“The unseen enemy is always the most fearsome.”  – George R. R. Martin

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Last Updated on November 5, 2018

8 Powerful Reasons to Love Your Enemies

8 Powerful Reasons to Love Your Enemies

We’ve all got our enemies; people who take pleasure in causing us pain and misery. Sometimes, the development of an enemy is due to certain differences in your characters and events have led to that. Other times, some people end up hating you for apparently no reason at all.

Regardless of how you got this enemy, as opposed to the paradigm of fighting fire with fire, consider the following reasons and see why you should actually appreciate your enemies. This article will show you not only how to not be bothered by your enemies, but how to actually foster love for them.

Read on to learn the secret.

1. It’s a practical lesson in anger management

To be honest, your enemies are the best people to help you understand your sense of anger management. When it might be true that your enemies have a way of bringing out the worst in you as regards anger, it is also true that they can help you in your quest to have that anger managed. You can’t get truly angry at someone you love and it is only in that time when you get truly annoyed that you learn how to manage it.

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Anger management is more effective when it is in practice and not in theory

Your enemies are like the therapists who you need, but actually don’t want. Inasmuch as you might want to hate them, they provide you an opportunity to control the anger impulse that you have.

2. It’s an opportunity for healthy competition

You might not know it, but your enemies make for great rivals as they help harness the competitor in you (sometimes, you might not even know or bee conversant with this competitive side until you come across an adversary). You get the right motivation to compete and this can go a long way to spur you to victory.

However, while doing so, it is also essential that you remember not to become a worse version of yourself while competing. Working against an adversary is tricky, and you need to ensure that you don’t cause harm to yourself or your morals in the process. Healthy competition is all you need to get out of this.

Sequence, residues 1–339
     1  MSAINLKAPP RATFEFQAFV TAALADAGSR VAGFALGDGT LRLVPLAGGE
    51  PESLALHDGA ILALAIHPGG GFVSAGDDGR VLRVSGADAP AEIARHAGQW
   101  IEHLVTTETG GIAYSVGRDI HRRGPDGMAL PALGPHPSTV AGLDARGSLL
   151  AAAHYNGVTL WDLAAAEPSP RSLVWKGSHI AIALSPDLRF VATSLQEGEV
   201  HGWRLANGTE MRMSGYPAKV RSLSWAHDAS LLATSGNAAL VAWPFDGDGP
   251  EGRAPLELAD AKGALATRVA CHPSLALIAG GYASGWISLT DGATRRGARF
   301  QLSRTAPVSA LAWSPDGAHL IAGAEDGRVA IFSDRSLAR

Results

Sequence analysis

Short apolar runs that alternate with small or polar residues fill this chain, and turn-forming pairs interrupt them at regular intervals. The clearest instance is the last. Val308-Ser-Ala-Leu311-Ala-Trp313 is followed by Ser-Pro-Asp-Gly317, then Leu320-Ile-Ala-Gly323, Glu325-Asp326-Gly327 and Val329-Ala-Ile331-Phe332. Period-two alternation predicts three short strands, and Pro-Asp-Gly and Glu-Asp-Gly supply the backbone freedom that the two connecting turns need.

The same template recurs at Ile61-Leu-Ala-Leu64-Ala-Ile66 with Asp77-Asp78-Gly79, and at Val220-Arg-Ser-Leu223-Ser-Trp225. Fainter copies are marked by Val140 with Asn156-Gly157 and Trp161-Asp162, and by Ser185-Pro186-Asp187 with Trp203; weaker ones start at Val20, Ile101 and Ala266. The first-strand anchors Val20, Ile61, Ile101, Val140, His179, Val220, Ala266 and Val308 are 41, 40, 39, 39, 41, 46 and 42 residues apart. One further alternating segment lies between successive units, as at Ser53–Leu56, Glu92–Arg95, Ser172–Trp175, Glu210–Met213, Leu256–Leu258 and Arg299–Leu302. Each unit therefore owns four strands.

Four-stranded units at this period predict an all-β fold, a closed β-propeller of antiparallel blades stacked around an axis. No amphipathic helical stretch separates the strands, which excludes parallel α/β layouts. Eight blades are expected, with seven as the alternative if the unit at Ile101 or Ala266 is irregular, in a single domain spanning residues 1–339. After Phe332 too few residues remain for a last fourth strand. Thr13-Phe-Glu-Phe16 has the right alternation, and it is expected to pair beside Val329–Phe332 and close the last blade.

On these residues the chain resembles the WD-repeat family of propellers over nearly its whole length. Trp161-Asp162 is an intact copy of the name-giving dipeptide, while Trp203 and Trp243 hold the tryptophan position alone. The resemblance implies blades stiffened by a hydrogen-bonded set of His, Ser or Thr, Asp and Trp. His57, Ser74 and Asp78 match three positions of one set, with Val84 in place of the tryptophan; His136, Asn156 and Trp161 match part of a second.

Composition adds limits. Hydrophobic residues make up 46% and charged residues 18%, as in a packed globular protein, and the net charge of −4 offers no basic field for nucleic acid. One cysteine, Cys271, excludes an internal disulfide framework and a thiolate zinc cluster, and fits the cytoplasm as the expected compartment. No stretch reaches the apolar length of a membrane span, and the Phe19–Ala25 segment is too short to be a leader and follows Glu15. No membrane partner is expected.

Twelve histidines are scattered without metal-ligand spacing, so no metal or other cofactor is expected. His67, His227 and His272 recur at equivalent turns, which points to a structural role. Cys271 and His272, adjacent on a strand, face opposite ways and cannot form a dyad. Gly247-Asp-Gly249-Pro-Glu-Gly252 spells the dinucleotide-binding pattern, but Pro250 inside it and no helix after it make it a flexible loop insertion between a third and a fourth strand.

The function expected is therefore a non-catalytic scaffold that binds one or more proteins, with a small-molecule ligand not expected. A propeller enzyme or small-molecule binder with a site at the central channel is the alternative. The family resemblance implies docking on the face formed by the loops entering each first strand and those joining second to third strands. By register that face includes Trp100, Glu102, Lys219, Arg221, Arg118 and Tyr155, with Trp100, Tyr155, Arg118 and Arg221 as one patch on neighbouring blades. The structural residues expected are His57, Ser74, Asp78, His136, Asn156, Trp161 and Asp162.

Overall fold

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3. Their negative comments can help you make a breakthrough

It is true that your enemies never really have much good to say about you. However, in as much as they might be talking out of a place of hate, there might be some truth to what they’re saying.

To wit, whenever you hear something mean or nasty from an enemy, you might want to take a step back and evaluate yourself. There is a chance that what this enemy is saying is true and coming to face that fact is a major step in helping you to become a better person overall. This is another testament to the fact that enemies can be therapists in their own way.

4. Enemies can also be powerful allies

Loving your enemies can also mean making an effort to interact and make peace with them. In the end, if you are able to establish some common ground and patch things up, you’ll have succeeded in making another friend. And who doesn’t need friends?

This can also help you in working with people in the long run. You get to hone your inter-personal skills, and that can be a big plus to your ledger.

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5. It gives you the ability to realize positivity

In a multitude of negativity, a speck of positivity always seems to find its way through.

Sometimes, a knowledge of the fact that you have enemies will also help you to focus on the many positives and good things that are in your life. A lot of times, we neglect what really matters in life. This can be due to being overly concerned with the enemies we have.

However, it is also possible for this acknowledgement to spur you to take a step back and appreciate the goo things (and people who surround you).

6. There might just be a misunderstanding

Sometimes, the reason why you have an enemy might be something very innocuous. You might not have known the cause of this fractured relationship and your enemy will help complete the picture.

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Simply approaching them will help you to understand the reason for the fracture. This, in turn, can help you to work towards healing your relationship moving forward. Misunderstandings happen, and you need to be able to work around them.

7. You learn to appreciate love as well

A constant reminder of the fact that there are enemies will also help you not to take those who love you for granted. Love and hate are two opposing emotions and it is possible for one to momentarily overshadow the other.

However, while you’ll always have enemies, there will also always be people who love you. These people need to be appreciated for what they do for you. Never let the hate projected to you from your enemies take the place of that.

8. Do you really need the hate?

The truth is that enemies bring only toxic emotions and generate bad reactions from you. If you’re truly to live a prosperous life, you can’t really be carrying all this baggage around.

Hate is bad and you should try all you can to get rid of it. It is a well-known fact that nobody can get really far in life while carrying a lot of emotional baggage. Well, hate is the biggest form of emotional baggage there is.

Featured photo credit: rawpixel via unsplash.com